Sugru’s Jane Ní Dhulchaointigh on making a good idea stick

13 Jul 2017

Sugru’s Jane Ní Dhulchaointigh at Inspirefest 2017. Image: Conor McCabe Photography

An epiphany about wastefulness led Jane Ní Dhulchaointigh to want to fix things, she told Inspirefest.

Jane Ní Dhulchaointigh, the Irish inventor who created ingenious mouldable glue called Sugru, is a success in 170 countries.

But that success was hard-won.

‘Human ingenuity is an amazing thing, but fixing things is only part of the puzzle’

Future Human

At the recent Inspirefest 2017 event in Dublin, Ní Dhulchaointigh revealed that there were plenty of lonely moments along the way, but her biggest triumph has been not only creating 70 jobs in London, but actually getting people to fix stuff again.

“Sugru is a mouldable glue that bonds to anything, to fix things and mend things. I invented it to get a new generation fixing again. It’s about being proud to be someone who fixes things, and this mindset is gaining momentum.”

She said that the Sugru community has so far fixed more than 10m things and, for this community, it is all about creating something that has joy and meaning.

Ní Dhulchaointigh said that humanity’s need for possessions that only get spurned is contributing to climate change.

“We want more and more stuff,” she said, but it is how we behave once we have these items that is the problem.

“There is too much waste in the world and it is causing massive problems; polluting water, air and ecosystems.”

Making momentum

People who are conscious of this are fixing things, and that’s where Sugru has found its mark.

Last March, London-based Sugru announced that it was holding another crowdfunding campaign to raise £1.5m to take the clever, mouldable glue international. Before this point, Sugru had already raised a total of £7.5m in both venture and crowdfunding capital. In May, Sugru confirmed it achieved the £1.5m target after more than 2,000 people invested in the company through the Crowdcube platform.

‘We believe fixing is never going to be done by finger-wagging, it’s all about inspiration’

Sugru has plans to launch this year in Canada, Australia and New Zealand, while also extending its reach in Europe.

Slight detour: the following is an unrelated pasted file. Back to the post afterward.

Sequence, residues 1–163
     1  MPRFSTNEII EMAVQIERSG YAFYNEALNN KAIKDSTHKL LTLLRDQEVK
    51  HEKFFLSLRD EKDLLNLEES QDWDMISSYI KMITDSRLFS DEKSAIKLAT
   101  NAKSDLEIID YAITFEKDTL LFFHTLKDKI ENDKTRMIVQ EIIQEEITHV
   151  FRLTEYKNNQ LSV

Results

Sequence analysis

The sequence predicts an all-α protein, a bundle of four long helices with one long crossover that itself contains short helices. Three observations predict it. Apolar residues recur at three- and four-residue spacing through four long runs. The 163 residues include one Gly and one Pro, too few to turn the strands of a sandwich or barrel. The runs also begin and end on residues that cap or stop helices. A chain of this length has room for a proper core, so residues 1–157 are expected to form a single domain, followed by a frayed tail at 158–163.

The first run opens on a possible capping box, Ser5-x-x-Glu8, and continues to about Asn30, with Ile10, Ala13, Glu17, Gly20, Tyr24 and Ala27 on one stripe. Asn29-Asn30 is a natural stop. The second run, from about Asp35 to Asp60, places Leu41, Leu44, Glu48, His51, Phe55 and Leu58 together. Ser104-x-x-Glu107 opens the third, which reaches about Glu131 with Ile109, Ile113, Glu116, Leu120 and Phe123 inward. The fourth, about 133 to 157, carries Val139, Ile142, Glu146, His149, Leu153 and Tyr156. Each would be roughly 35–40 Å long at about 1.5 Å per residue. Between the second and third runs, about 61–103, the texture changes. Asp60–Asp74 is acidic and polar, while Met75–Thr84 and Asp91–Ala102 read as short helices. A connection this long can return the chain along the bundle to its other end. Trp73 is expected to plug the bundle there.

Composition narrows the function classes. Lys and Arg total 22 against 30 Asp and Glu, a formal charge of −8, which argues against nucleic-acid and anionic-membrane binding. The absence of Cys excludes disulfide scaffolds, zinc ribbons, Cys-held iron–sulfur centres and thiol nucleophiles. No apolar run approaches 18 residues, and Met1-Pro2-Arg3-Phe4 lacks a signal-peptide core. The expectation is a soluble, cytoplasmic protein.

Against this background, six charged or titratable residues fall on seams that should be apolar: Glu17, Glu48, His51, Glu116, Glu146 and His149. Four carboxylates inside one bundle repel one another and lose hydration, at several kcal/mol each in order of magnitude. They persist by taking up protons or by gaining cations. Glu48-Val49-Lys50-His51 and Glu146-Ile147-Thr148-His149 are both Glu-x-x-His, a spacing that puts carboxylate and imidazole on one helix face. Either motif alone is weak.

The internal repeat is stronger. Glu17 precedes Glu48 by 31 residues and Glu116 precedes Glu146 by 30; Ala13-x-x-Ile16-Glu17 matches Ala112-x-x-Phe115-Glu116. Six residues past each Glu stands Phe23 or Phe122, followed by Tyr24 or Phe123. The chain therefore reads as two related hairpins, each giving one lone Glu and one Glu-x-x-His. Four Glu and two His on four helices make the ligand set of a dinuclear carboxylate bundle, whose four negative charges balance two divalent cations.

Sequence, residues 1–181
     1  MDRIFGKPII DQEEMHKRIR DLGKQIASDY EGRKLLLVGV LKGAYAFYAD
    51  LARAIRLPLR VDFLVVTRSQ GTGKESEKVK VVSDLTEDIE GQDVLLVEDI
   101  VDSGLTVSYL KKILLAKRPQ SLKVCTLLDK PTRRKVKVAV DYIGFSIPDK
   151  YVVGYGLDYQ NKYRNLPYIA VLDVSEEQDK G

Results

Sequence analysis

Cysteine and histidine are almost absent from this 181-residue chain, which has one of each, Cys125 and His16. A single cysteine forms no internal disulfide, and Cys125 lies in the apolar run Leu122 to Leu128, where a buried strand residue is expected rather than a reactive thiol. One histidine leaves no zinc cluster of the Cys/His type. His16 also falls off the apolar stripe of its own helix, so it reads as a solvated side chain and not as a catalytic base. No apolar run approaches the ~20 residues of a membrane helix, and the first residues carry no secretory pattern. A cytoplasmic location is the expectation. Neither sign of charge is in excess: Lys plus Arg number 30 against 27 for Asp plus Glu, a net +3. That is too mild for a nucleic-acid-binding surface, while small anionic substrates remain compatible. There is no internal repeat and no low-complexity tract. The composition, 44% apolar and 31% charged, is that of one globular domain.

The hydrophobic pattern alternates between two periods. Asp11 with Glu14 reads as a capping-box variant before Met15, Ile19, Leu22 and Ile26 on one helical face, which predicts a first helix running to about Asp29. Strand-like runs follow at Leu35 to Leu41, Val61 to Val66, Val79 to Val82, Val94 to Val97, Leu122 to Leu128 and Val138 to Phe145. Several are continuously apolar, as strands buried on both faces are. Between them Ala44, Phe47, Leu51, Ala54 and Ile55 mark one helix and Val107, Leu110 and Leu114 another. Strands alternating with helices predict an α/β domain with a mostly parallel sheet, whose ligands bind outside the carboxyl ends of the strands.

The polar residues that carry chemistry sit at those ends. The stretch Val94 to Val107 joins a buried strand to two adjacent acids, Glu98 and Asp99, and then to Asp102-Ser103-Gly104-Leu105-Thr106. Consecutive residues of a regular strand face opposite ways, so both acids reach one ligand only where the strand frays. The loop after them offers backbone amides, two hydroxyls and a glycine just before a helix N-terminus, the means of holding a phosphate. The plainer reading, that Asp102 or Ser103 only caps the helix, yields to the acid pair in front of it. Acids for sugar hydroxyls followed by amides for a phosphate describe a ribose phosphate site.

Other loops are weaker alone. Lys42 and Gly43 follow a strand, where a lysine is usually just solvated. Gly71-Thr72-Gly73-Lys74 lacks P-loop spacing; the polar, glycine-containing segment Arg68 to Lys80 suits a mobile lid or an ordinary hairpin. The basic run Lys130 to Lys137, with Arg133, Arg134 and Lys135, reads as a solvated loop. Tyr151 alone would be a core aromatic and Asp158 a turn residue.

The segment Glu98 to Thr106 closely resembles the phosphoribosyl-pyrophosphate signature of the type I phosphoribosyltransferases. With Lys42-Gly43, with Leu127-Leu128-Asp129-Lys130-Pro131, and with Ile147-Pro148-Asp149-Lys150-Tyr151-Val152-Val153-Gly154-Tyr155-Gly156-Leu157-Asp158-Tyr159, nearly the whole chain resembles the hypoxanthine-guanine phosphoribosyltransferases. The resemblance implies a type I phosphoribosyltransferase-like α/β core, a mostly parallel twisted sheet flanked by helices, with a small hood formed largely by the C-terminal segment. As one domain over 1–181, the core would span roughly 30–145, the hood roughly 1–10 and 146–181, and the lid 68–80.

A new, child-friendly Sugru formula is also scheduled to launch later this year as the first in a series of formulations designed to encourage more people to repair their things.

Retail players – including Adeo Group and the Kingfisher Group, along with two of the largest retailers in the US – are expected to give the company a significant boost this year.

“Human ingenuity is an amazing thing, but fixing things is only part of the puzzle,” Ní Dhulchaointigh told the Inspirefest audience.

“We believe fixing is never going to be done by finger-wagging, it’s all about inspiration.”

Ní Dhulchaointigh attributes social media and a keen base of Sugru users who rave to their family and friends about the product as being key to the success of her start-up.

“I never thought I would be an inventor,” she confessed. “Science was my least favourite subject at school, as was business studies, but here I am.

“I employ 70 people and have a factory and sell lots of stuff.”

An idea that is stuck together with God’s glue

Ní Dhulchaointigh said that her road to being an inventor and entrepreneur wasn’t a predictable one.

In fact, a realisation that the world had too much stuff and that this was adding to the climate crisis created a moral dilemma in her mind.

“I went to London to study to be a product designer and realised that actually all I would do would be to contribute to something awful. Do we need more tables, chairs, lamps, phones? … What’s the point?

“I had an existential crisis in a city far from home.”

It was while Ní Dhulchaointigh was doing an experiment for one of her courses that the premise for Sugru came about.

“It was a space-age rubber that anyone could fix or mend or manipulate stuff with. And I somehow found the courage to go into business.”

She admitted said that the start-up journey was daunting at first, and her foray into entrepreneurship unfortunately coincided with the financial crash, which was a “low moment”.

“It was easier to convince myself to do this than investors. Raising investment was the hardest thing I had to do.”

She decided to start small and see what would happen, and she even demoed her product at the Electric Picnic festival.

“We went to Electric Picnic, came up with a brand name, built a website and came up with cool packaging. It worked! 1,000 packs were sold out in six hours in 2010.

“It has never stopped since!”

Clearly, Ní Dhulchaointigh’s epiphany turned out to be an idea that would stick.

John Kennedy is a journalist who served as editor of Silicon Republic for 17 years